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Lease Expiration Questions

Lease expiration means the expiry of a lease between a tenant and a landlord. One requirement that all leases need to have is the duration of the lease needs to be specified. Therefore, once the lease expires, the tenant has to vacate the premises unless he/she comes to a new arrangement with the landlord. Certain leases have an automatic renewal clause while many others have option clauses that give tenants the option to renew the lease before it expires.

Listed below are a few questions answered by real estate lawyers on lease expiration related issues.

My lease is coming up for expiration and I don’t want to renew it. What is the legal way to handle this by being fair to my tenant?

If your tenant has been living in your property for over a year, you would need to give them at least 60 days notice. If it has been less than a year, 30 days’ notice should suffice. However, check your lease agreement and if it says 60 or 90 days, ensure you honor that.

You don’t need to give them a reason for terminating the lease in the notice. The notice can be delivered via certified mail, can be hand delivered to the tenant, or can be posted in a conspicuous spot (on their door) and a second copy mailed to their address.

I vacated a rented premises at-will one month prior to lease expiration. I didn’t pay the last month’s rent. Would this be enough to meet "eviction" criteria?

An eviction means getting kicked out of a property. If a tenant leaves the premises before notice is given to them and has been legally evicted, then it is simply termed as abandonment and not an eviction. An eviction is seen as a legal proceeding and certain procedures need to be followed for this to happen. It would involve a notice being sent to the tenant, a complaint being filed, a hearing being requested, and finally an eviction taking place.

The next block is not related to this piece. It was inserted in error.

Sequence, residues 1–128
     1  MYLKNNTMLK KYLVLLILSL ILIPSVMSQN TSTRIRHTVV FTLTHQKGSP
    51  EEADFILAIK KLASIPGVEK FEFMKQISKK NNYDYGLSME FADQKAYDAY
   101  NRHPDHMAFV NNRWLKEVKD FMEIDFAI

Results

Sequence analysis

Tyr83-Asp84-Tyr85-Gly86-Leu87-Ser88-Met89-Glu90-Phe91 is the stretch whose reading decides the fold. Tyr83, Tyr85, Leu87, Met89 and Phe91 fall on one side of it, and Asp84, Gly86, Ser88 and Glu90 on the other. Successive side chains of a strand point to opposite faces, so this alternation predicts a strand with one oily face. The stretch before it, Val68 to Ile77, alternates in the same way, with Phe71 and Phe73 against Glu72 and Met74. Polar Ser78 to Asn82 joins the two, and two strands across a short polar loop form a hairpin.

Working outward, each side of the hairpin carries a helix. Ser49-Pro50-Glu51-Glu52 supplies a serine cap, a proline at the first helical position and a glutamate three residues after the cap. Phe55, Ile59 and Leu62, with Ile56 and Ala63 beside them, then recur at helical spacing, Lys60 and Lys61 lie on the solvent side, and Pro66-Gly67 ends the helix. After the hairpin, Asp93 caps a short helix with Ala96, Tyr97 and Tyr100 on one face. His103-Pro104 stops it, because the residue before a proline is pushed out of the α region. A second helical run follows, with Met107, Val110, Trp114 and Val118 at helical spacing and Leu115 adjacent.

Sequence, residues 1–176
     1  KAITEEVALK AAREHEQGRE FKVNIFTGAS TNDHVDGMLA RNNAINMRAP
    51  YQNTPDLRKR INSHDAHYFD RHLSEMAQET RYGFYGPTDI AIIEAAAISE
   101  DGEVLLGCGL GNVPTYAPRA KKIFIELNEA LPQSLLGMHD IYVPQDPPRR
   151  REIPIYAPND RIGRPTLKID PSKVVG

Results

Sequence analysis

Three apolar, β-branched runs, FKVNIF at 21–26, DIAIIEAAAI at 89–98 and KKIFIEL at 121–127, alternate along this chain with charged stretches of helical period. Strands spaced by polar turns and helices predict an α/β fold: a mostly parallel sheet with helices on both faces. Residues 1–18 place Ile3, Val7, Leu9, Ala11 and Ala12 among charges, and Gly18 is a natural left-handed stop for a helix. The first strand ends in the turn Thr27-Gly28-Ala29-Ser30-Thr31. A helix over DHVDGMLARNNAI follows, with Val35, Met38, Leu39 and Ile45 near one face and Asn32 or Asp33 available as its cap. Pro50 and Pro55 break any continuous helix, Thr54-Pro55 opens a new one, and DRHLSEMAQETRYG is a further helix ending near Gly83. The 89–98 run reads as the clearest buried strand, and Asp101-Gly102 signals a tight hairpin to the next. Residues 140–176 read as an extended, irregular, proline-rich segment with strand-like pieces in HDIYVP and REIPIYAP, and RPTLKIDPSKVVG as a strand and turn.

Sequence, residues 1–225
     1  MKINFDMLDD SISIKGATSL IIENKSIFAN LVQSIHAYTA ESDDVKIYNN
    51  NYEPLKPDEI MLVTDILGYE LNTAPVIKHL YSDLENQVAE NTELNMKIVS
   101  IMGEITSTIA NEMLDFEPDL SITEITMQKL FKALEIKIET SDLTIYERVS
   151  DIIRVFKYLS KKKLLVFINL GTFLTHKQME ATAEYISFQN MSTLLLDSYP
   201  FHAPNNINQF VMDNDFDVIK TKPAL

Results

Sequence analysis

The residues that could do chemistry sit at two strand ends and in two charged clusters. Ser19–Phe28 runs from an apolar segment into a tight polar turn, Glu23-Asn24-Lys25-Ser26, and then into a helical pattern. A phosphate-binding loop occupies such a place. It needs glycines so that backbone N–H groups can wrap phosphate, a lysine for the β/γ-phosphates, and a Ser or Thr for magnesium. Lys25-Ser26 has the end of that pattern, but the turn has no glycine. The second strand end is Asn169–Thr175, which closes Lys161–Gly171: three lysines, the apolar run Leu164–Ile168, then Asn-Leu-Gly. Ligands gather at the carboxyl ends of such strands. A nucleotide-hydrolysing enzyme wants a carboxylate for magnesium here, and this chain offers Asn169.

I am renting a house and am in the second year of a two-year lease. I now want to move out and want to know how I can break a lease prior to its expiration.

You would need to review your lease to see if there is any way out. You could also negotiate the release from the rest of your lease by speaking with your landlord. The terms of your lease will control your rights and liabilities so unless you can negotiate your release, you would be legally bound to stay till it expires.

I live in Texas and want to know if I can break my lease before its expiration date. Is this possible?

Under Texas law, breaking a lease is not easy. Legal grounds for this are limited and include things like being locked out of the property by the landlord, complete destruction of the property, or all the utilities being shut off by the landlord. If you don’t have legal grounds for breaking your lease, you will forfeit your security deposit and your landlord can sue you for lost rent. However, your landlord is also legally obliged to try and re-rent the apartment quickly and, once the property is rented again, your liability for rent should cease. These problems can possibly be avoided if you find a new tenant who is willing to take over your lease. Then, you may be able to walk away owing nothing.

One of the last remedies to get a tenant to leave after his/her lease expires is to seek eviction. As a landlord would need to first check and see if the tenant has paid you rent after the lease expired. If you have accepted the rent, the tenant becomes a month-to-month tenant and you have to give the tenant a 30-day termination notice to end the tenancy. In case you haven’t accepted rent after the lease expired, you can go ahead and file the eviction without advance notice.
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